Former judge Alparslan Güngör, who was imprisoned for three years on alleged Gülen links and diagnosed with stage four lung cancer shortly after his release, died on Friday, bringing attention once again to the lack of proper healthcare in Turkish prisons, the Stockholm Center for Freedom reported.
According to the Free Judges website, launched by former members of the Turkish judiciary and dedicated to covering news on the persecution of judges in the country, Güngör’s illness was discovered during a physical examination after his release, by which time it had reached the point of no return.
Güngör was sentenced to six years, three months in prison. His case was pending review at the Supreme Court of Appeals when he died.
Turkish President Recep Tayyip Erdoğan has been targeting followers of the Gülen movement, a faith-based group inspired by Muslim cleric Fethullah Gülen, since the corruption investigations of December 17-25, 2013, which implicated then-Prime Minister Erdoğan, his family members, and his inner circle.
Dismissing the investigations as a Gülenist coup and conspiracy against his government, Erdoğan designated the movement as a terrorist organization and began to target its members. He intensified the crackdown on the movement following a coup attempt on July 15, 2016, that he accused Gülen of masterminding. Gülen and the movement strongly deny involvement in the abortive putsch or any terrorist activity.
Following the abortive putsch, the Turkish government declared a state of emergency and carried out a massive purge of state institutions under the pretext of an anti-coup fight. More than 130,000 public servants, including 4,156 judges and prosecutors, as well as 20,610 members of the armed forces were summarily removed from their jobs for alleged membership in or relationships with “terrorist organizations” by emergency decree-laws subject to neither judicial nor parliamentary scrutiny.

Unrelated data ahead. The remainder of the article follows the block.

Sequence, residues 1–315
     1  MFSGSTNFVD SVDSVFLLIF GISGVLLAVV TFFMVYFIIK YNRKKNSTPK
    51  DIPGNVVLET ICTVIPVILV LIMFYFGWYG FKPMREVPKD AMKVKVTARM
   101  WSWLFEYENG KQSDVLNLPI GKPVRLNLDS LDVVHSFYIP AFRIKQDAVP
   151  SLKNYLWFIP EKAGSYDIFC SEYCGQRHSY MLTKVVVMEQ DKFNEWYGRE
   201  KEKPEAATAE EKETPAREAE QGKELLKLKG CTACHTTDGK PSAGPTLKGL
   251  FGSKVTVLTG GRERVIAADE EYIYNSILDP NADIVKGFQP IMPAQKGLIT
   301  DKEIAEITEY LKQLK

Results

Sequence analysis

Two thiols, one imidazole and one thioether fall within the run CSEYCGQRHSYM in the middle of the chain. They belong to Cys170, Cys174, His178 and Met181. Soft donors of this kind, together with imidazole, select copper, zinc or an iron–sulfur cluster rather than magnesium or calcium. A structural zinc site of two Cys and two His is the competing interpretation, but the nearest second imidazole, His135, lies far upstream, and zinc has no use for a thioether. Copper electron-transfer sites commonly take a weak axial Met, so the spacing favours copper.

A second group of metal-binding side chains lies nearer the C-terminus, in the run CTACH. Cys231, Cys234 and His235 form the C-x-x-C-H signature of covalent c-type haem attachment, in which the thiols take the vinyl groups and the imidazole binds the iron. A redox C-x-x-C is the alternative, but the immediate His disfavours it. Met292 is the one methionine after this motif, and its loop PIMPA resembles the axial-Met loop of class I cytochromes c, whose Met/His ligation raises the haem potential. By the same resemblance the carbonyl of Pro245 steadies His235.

The purge has resulted in a drastic increase of political prisoners in Turkish prisons, some of whom are severely ill.
Critics have slammed Turkish authorities for refusing to release critically ill prisoners.
Ömer Faruk Gergerlioğlu, a human rights activist and former deputy from the pro-Kurdish Peoples’ Democratic Party (HDP), said critically ill political prisoners were not released from prison “until it reaches the point of no return.” He depicted the deaths of seriously ill prisoners in Turkey who are not released in time to receive proper medical treatment as acts of “murder” committed by the state.
According to the Human Rights Association (İHD), there are more than 1,605 sick prisoners in Turkish prisons, approximately 604 of whom are critically ill. Although most of the seriously ill patients have forensic and medical reports deeming them unfit to remain in prison, they are not released. Authorities refuse to release them on the grounds that they pose a potential danger to society. In the first eight months of 2020, five critically ill prisoners passed away because they were not released in time to receive proper medical treatment.
Since April four seriously ill prisoners over the age of 70 have died in penal institutions; five inmates suffering from cancer died shortly after they were released; and 16 died of chronic illnesses while imprisoned.